NIRPC opposes loophole money going to RDA
By Carole Carlson email@example.com/302-0949 March 7, 2014 12:12PM
Updated: March 7, 2014 1:15PM
PORTAGE — The Northwestern Regional Planning Commission’s executive board is asking state lawmakers to return $4 million from a Lake County low income tax credit loophole to the gaming communities where the revenue was generated.
The amended version of Senate Bill 367 routes the new-found money to the Northwest Indiana Regional Development Authority, earmarking it for the $571 million extension of the South Shore commuter rail line from Hammond to Dyer.
The bill is being considered by a joint chamber conference committee and must be acted upon by March 14 when the General Assembly adjourns.
The amended NIRPC resolution, adopted Friday, specified the returned loophole money be used for mass transportation in Lake County, including the resurrection of bus service.
Despite backing from the RDA, Lake County officials saw the demise of the Regional Bus Authority last year after they failed to come up with a tax to sustain it.
Hammond Mayor Thomas McDermott Jr. is leading the fight for the money he says is being unfairly taken by the state.
McDermott and other officials from Lake, Porter and LaPorte counties said they’re not opposed to the General Assembly reauthorizing the RDA or to the South Shore extension.
McDermott said the resolution probably won’t make a difference.
“It probably won’t change anything at the end of the day, but it’s not fair. We’re dealing with a lot of pressure on this issue,” McDermott said. “I want the South Shore expansion to happen. I want the RDA reauthorized. But if you have a gun to our head, it’s not fair.”
Some NIRPC commissioners, however, voiced concerns on the resolution.
“I fear for the future of the extension if this message is sent,” said Jim Ton, a Chesterton Town Council member. “We sent a message with Illiana , not all of us agreed with that, but it was a regional development plan. The extension is a regional activity.”
Lake County Commissioner Roosevelt Allen, D-Gary, first discovered the loophole in 2012 as the county searched for revenue to support the Regional Bus Authority that folded last year when money to continue its operation didn’t surface.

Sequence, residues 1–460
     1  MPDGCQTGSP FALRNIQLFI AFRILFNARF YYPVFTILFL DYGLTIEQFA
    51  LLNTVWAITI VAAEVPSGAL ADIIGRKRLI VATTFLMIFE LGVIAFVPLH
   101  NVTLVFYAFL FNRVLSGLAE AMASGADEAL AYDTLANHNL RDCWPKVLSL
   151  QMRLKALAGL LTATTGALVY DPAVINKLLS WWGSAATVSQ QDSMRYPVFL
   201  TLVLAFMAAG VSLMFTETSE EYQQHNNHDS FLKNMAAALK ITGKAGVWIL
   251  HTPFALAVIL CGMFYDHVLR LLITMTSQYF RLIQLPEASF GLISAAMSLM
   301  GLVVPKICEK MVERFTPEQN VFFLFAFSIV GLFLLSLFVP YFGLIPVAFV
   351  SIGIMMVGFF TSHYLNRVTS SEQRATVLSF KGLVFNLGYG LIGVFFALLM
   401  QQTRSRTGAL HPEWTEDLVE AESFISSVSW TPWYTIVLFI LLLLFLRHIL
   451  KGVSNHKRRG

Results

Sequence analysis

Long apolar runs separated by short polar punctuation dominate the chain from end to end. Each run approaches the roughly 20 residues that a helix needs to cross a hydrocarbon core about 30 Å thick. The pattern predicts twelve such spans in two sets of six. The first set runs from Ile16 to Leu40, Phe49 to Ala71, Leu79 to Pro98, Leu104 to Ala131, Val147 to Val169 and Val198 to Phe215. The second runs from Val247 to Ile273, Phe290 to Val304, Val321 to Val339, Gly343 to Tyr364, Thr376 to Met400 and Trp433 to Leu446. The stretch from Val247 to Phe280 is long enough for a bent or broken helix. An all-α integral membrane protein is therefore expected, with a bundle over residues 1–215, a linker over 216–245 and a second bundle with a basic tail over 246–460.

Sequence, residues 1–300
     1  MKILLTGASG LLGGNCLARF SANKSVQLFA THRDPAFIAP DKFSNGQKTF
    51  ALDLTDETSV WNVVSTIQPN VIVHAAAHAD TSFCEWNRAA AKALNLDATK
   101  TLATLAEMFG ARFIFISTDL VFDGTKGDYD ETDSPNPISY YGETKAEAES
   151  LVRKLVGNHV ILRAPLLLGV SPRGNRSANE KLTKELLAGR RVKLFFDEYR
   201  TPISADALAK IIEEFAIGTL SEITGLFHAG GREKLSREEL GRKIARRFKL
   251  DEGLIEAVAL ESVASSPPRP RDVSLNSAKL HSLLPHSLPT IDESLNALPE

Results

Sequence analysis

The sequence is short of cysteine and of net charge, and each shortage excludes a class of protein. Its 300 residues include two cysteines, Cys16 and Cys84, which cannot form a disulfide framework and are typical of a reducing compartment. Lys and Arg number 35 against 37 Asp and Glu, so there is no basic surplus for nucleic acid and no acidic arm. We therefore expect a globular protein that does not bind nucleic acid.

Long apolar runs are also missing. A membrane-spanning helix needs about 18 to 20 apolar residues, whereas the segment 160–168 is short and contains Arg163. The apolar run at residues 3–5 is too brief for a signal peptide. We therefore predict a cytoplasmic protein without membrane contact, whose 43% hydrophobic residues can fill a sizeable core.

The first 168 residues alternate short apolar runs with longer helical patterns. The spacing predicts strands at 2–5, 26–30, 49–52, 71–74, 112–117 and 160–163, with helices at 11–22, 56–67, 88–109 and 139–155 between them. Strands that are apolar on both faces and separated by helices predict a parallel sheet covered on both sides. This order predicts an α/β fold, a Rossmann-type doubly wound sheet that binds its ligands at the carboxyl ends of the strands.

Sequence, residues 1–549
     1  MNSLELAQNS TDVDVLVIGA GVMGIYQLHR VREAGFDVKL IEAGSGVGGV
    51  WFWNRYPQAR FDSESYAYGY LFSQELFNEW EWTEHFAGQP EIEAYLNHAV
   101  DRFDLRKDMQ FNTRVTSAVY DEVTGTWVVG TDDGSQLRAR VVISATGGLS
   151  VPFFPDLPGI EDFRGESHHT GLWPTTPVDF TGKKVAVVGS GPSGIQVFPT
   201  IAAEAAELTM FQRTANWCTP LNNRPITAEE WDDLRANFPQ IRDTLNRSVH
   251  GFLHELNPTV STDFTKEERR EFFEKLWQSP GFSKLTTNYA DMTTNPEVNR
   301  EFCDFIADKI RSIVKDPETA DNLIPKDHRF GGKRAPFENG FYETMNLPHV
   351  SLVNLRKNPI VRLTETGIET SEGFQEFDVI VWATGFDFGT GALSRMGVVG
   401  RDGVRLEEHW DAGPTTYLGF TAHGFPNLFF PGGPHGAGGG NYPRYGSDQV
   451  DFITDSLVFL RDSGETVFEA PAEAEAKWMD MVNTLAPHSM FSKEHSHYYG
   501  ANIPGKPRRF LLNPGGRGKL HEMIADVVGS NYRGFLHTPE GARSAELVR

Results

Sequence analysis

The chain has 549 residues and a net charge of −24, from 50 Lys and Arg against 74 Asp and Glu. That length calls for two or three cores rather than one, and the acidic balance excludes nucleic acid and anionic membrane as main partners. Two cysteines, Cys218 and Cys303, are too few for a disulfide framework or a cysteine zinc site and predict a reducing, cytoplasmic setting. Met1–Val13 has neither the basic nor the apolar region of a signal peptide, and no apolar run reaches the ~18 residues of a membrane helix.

Allen said it was discovered that a cutoff limit wasn’t included on a low income tax credit, so even wealthy people could take it.
Now, Allen said he’s questioning the $2.1 million allocation Lake County targeted in its capital development plan for the South Shore extension. “We did this not knowing they’d do a run around, we’ll reconsider our capital allocation.... We cannot not sit back passively.”
The state contributes $10 million annually to the RDA, while Gary, Hammond, East Chicago and Lake and Porter counties each contribute $3.5 million. Unless the state reauthorizes its share, the RDA disappears in 2015.
McDermott argued that Hammond already contributes $3.5 million annually to the RDA and in losing the loophole money, he said Hammond would give up another $600,000 in revenue to the RDA.
NIRPC Chairman and Hobart Mayor Brian Snedecor said sending the money back to the gaming communities is a matter of principle.
“It says all tax credit is paid by the state which deducts the casino tax revenue that would have gone to Hammond, Gary and East Chicago,” he said.
Snedecor said NIRPC still supports the re-authorization of the RDA and the South Shore extension.
“We’re not trying to be obstacles,” he said.